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Publication numberUS3978431 A
Publication typeGrant
Application numberUS 05/593,076
Publication dateAug 31, 1976
Filing dateJul 3, 1975
Priority dateJul 3, 1975
Also published asDE2629468A1
Publication number05593076, 593076, US 3978431 A, US 3978431A, US-A-3978431, US3978431 A, US3978431A
InventorsWilliam Walter Lattin
Original AssigneeMotorola, Inc.
Export CitationBiBTeX, EndNote, RefMan
External Links: USPTO, USPTO Assignment, Espacenet
Temperature compensated oscillator
US 3978431 A
Abstract
An oscillator is provided the frequency of operation of which is controlled by an RC circuit the resistive element of which is an MOS load device and the capacitive element of which is an MOS enhanced capacitor. An important characteristic of this ring oscillator is that its time constant determining elements mutually compensate one another for changes in temperature. A digital enhanced capacitor can be used in this temperature compensated ring oscillator to provide greater flexibility in controlling both the frequency of operation of the oscillator and the wave shape of the output signal.
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Claims(10)
What is claimed is:
1. A temperature compensated oscillator including a time constant generating circuit and a feedback circuit comprising:
impedance means coupled between a voltage conductor and a first node for supplying a current into said node, which current decreases as temperature increases; and
enhanced capacitor means forming the second element of the time constant coupled between said first node and a second voltage conductor for being charged through said impedance means, said enhanced capacitor having a capacitance which decreases as temperature increases, such that the RC time constant remains substantially fixed in value with variations in temperature.
2. A temperature compensated oscillator as recited in claim 1 wherein said enhanced capacitor means includes a digital enhanced capacitor.
3. The oscillator as recited in claim 2 further including a plurality of digital inputs coupled to said digital enhanced capacitor for controlling the frequency of said oscillator.
4. A temperature compensated oscillator including a time constant generating circuit comprising:
first resistor means coupled between a first voltage supply conductor and a first node for supplying a negative temperature coefficient current into said first node;
second resistor means coupled between a second voltage supply conductor and said first node for sinking a negative temperature coefficient current from said first node;
an MOS enhanced capacitor means coupled between said first node and voltage supply means for compensating said negative temperature coefficient currents by increasing its value of capacitance as a function of temperature.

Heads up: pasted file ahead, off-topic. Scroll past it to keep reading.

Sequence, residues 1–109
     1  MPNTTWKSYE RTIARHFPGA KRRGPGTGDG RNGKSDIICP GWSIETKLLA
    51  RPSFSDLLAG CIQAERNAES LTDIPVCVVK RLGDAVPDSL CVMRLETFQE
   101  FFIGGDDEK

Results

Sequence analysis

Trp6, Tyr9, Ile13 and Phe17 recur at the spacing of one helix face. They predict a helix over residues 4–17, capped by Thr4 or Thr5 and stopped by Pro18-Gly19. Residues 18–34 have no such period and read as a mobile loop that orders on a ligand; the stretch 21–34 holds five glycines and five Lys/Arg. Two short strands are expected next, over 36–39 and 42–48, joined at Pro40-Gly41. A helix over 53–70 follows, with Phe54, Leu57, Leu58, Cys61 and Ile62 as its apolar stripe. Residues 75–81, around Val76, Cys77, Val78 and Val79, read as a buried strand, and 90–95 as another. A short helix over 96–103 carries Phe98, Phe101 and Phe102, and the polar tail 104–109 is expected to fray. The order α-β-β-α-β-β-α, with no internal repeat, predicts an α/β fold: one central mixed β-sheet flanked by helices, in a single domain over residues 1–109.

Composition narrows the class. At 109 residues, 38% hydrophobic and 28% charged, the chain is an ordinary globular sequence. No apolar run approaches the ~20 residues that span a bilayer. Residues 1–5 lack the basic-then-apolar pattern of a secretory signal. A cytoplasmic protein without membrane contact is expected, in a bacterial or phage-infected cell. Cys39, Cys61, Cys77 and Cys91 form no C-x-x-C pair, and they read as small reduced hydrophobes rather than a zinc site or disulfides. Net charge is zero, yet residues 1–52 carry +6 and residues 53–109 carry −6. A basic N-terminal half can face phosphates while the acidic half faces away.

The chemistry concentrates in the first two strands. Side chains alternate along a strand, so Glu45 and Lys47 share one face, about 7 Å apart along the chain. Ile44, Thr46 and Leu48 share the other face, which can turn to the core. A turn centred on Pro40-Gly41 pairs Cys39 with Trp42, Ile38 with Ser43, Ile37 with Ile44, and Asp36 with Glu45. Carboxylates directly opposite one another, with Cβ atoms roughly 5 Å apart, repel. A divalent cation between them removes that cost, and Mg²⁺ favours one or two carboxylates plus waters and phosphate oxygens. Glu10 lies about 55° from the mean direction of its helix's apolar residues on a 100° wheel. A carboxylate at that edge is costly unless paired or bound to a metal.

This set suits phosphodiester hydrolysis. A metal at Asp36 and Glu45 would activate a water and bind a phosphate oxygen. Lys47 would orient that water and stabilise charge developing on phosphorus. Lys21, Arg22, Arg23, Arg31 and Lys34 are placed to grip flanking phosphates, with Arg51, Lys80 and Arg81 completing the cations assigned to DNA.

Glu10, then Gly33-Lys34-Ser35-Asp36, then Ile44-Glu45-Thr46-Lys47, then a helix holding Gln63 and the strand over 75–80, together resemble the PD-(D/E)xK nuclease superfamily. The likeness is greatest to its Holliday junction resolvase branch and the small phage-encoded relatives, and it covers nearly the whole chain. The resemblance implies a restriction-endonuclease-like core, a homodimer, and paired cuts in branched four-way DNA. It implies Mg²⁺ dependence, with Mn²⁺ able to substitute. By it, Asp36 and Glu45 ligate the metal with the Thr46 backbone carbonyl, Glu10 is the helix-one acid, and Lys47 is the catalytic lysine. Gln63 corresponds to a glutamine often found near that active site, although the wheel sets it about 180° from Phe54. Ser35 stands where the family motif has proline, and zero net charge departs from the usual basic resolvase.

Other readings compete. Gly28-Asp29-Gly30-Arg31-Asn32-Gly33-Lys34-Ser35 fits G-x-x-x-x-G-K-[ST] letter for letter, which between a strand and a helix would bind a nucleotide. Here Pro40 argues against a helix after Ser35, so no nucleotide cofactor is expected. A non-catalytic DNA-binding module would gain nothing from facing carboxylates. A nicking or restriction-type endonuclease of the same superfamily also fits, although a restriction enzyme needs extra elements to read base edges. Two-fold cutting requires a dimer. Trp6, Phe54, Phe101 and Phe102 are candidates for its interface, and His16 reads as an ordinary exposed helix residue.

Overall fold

5. A digitally controllable oscillator including a time constant generating circuit comprising impedance means and digital enhanced capacitor means coupled to said impedance means and at least one enhanced capacitor control input for digitally controlling the time constant of a signal generated by said time constant generating circuit as a function of a control signal applied to said control input.
6. The oscillator cited in claim 5 wherein said impedance means includes at least one MOS field effect transistor coupled to a source region of said digital enhanced capacitor means for producing a temperature compensated time constant for said signal generated by said time constant generating circuit.
7. An MOS temperature compensated oscillator comprising:
a first MOS inverter having an input coupled to an output of a third MOS inverter;
a second MOS inverter having an input coupled to an output of said first MOS inverter;
said third MOS inverter having an input coupled to an output of said second MOS inverter; and
first, second and third enhanced capacitors coupled between a voltage conductor means and the outputs of said first, second and third stages respectively.
8. The MOS oscillator as recited in claim 7 further including a plurality of digital inputs coupled to said first, second, and third capacitors, respectively, for controlling the frequency and wave shape of said oscillator.
9. A method of operating an oscillator with impedance means coupled to a node and enhanced capacitor means coupled to said node comprising the steps of:
causing a first current to flow through said impedance means into and out of said node, said impedance means having a positive temperature coefficient;
causing a second current to flow through said enhanced capacitor means into and out of said node, said enhanced capacitor means having a negative temperature coefficient; and
said impedance means and said enhanced capacitor means acting to form a time constant for said oscillator.